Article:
blue sky over a prairie
Dunn Ranch Prairie Rolling hills of Dunn Ranch Prairie. © Hilary Haley/TNC

Stories in Missouri

St. Louis Office Goes Virtual

We're adopting an innovative office model to reduce energy use, save money, and improve staff efficiency.

With projects in every state and 72 countries, Nature Conservancy staffers are experts at working effectively—sometimes across great distances—to achieve large-scale conservation results. In Missouri, our staff is using sophisticated communication technologies and an innovative approach to adapt to evolving needs: a “virtual” office model.

St. Louis-based staff began working from home offices most days, allowing for a move to a smaller, more energy-efficient office space and reduced commute times. The move is part of TNC's 50 State Climate Change Strategy to reduce greenhouse gas emissions. It is expected to yield a myriad of social, economic, and conservation benefits, such as a reduction in energy use, a broadened talent pool, and seamless collaboration across the state.

Economic Benefits

  • Proceeds from the sale of our previous office building offset rental costs on our new space for the next 10-15 years, ensuring that more of every charitable dollar will go towards important conservation work.
  • Flexible work locations will aid with staff retention, reducing job search and training costs.
  • The new space, conducive for hosting trustee and partner meetings, reduces the need to rent event space in the future.


Social Benefits

  • State-of-the-art communication technology, such as video conferencing, and flexibility in work locations position staff to work seamlessly across the state and beyond. Staff are able to:
    • Choose work sites that are the most convenient and productive for them.
    • Easily work and communicate regardless of physical locations, more effectively reaching donors, partners, and project sites as needed.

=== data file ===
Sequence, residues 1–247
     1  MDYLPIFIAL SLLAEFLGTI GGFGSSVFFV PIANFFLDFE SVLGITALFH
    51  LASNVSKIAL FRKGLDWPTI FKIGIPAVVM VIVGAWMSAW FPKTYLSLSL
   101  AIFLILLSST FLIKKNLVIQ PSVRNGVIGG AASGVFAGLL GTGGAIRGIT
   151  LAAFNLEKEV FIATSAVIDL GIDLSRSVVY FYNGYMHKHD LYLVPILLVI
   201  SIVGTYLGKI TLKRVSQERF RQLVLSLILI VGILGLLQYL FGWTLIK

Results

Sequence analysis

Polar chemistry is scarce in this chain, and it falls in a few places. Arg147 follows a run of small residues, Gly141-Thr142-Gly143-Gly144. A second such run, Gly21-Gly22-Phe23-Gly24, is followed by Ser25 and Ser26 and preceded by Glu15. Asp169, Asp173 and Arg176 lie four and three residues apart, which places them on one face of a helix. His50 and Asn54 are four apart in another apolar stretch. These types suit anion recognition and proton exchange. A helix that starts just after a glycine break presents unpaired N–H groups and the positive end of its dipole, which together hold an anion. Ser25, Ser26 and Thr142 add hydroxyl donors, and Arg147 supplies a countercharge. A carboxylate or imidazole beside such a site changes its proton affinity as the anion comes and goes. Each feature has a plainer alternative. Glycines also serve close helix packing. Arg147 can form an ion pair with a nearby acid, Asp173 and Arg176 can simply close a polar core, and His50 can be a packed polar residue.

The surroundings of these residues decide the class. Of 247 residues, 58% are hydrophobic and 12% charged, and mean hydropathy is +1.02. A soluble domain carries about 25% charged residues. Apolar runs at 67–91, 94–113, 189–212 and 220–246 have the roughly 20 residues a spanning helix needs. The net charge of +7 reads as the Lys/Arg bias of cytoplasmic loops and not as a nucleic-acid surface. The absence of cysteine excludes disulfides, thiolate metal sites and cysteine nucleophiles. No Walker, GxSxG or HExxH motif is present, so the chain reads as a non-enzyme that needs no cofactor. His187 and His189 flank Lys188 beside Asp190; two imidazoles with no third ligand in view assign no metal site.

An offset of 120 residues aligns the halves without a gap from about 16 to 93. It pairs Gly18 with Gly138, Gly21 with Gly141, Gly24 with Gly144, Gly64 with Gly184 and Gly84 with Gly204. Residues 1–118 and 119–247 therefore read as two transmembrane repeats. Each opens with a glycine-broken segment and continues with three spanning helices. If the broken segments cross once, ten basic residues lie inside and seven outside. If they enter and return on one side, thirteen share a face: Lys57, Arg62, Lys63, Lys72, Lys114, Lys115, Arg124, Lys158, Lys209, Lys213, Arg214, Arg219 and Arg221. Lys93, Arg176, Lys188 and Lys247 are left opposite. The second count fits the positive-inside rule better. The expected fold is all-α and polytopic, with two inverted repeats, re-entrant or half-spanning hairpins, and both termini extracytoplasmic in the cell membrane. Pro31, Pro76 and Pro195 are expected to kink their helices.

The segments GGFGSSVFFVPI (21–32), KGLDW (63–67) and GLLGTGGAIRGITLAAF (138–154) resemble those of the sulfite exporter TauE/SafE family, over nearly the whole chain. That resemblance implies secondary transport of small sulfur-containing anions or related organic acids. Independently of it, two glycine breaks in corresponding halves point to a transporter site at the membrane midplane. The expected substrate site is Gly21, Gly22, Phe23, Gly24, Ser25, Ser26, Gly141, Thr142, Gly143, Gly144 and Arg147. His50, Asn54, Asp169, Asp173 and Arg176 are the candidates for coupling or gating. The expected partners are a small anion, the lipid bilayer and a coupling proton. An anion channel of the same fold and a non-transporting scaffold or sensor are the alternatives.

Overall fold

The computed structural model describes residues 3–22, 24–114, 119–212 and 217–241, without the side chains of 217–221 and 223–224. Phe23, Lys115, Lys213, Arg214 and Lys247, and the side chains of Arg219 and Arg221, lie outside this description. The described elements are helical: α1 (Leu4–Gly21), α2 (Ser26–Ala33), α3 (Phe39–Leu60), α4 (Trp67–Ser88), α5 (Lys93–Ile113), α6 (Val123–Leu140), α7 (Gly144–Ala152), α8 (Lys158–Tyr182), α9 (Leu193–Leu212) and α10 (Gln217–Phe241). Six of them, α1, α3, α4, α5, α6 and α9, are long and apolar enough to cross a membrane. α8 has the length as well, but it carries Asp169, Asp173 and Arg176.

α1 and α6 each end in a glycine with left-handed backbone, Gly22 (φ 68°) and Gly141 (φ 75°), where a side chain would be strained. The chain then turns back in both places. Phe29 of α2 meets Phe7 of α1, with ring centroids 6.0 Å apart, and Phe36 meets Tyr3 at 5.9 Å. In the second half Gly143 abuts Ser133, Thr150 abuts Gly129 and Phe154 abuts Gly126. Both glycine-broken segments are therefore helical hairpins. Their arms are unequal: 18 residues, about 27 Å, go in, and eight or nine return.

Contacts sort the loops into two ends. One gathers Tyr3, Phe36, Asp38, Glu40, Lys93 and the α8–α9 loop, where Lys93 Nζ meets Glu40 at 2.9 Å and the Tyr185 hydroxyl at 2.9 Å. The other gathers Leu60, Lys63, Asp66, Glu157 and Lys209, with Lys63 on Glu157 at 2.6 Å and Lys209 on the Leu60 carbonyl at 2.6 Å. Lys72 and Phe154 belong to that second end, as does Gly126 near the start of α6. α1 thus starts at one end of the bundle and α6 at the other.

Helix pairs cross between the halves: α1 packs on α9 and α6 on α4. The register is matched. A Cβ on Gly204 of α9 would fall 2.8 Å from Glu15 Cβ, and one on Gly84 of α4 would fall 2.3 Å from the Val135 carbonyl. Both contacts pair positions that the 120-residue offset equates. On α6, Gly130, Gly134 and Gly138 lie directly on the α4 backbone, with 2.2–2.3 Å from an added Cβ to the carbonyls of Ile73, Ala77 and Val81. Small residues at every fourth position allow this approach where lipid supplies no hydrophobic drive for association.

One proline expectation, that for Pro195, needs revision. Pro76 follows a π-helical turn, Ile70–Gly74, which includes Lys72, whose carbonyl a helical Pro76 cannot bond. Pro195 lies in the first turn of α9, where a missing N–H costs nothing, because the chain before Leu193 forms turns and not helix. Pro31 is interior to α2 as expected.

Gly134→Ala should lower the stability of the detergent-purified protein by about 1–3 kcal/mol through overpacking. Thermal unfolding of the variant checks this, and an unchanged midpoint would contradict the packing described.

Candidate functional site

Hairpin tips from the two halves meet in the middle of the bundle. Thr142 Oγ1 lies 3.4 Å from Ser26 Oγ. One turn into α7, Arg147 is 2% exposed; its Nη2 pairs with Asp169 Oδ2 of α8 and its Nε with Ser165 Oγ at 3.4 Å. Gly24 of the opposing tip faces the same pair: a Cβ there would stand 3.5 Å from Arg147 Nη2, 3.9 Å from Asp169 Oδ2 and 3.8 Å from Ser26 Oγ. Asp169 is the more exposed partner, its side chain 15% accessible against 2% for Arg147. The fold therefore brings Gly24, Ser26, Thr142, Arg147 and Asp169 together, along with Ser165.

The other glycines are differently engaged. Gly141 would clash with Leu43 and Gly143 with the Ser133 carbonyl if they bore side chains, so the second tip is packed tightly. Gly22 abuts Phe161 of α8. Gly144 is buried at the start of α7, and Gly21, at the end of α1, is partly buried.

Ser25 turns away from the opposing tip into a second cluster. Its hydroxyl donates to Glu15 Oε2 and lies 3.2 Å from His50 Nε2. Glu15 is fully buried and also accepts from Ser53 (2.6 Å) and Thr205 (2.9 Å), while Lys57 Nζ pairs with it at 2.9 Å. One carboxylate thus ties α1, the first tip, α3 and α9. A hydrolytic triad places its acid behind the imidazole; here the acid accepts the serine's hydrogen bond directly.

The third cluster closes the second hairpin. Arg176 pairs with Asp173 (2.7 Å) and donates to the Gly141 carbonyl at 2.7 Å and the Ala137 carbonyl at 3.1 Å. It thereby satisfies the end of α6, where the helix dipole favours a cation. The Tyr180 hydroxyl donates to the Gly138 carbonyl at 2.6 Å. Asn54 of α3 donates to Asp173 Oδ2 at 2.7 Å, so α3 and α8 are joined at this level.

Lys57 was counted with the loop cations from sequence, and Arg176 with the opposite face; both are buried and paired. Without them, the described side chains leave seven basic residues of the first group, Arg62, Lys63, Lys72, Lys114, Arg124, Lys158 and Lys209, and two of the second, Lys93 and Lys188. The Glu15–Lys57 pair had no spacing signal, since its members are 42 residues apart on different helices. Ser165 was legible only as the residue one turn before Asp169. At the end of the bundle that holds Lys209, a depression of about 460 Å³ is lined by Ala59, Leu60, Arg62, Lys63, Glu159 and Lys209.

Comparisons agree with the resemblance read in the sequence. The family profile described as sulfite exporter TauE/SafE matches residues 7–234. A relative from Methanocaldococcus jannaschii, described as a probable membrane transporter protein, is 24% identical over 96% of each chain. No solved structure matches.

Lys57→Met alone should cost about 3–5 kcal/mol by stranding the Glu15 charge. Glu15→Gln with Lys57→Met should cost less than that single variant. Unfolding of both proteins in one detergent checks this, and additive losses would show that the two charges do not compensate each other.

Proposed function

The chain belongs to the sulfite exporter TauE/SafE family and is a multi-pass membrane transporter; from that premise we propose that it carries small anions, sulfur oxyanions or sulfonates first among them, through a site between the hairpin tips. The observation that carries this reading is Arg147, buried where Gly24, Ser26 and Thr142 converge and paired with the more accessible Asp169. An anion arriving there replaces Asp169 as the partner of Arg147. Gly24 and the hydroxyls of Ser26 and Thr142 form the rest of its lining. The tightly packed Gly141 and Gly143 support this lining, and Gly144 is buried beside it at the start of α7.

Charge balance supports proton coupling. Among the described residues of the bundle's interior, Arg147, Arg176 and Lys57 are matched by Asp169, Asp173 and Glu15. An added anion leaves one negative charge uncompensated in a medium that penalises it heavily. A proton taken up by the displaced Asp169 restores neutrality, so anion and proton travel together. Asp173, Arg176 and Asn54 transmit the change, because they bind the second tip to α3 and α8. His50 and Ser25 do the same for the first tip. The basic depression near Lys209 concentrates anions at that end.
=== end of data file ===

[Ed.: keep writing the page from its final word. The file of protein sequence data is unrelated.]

• Be extremely accessible and responsive, even when traveling.
    • Better connect with coworkers, partners, and donors across the state and around the globe, eliminating disruptions caused by travel or other events.
  • Reduced commute times and costs support a healthy work-life balance for staff.
  • Alternative work locations allow increased visibility and presence within the communities we live in throughout the St. Louis region and beyond: Kirkwood, Brentwood, Webster Groves, Chesterfield, Wildwood, the City of St. Louis, St. Charles, Washington, and more.
  • Our three office locations outside of St. Louis (Springfield, lower Ozarks, and northwest Missouri) will remain as visible sites for our on-the-ground work in those communities.


Environmental Benefits

  • Searches for new employees will be less limited by geography, greatly expanding candidate pools and ensuring we secure the best talent for the job – no matter where they live. Greater talent leads to improved efficiency and more successful strategies in all departments.
  • The transition to a “virtual” office will reduce greenhouse gas emissions that are generated by staff commutes and by operating a large, inefficient office building.
  • The move is one component of the Conservancy’s 50 State Climate Change Strategy, which promotes the reduction of greenhouse gas emissions and a prosperous clean energy future through a variety of approaches, including outreach and education, policy engagement, and nature-based climate solutions.

At The Nature Conservancy, we strive to achieve the biggest impacts at the largest scale. This new working model will increase our effectiveness and efficiency, allowing us to continue our vital work to conserve the lands and waters on which all life depends.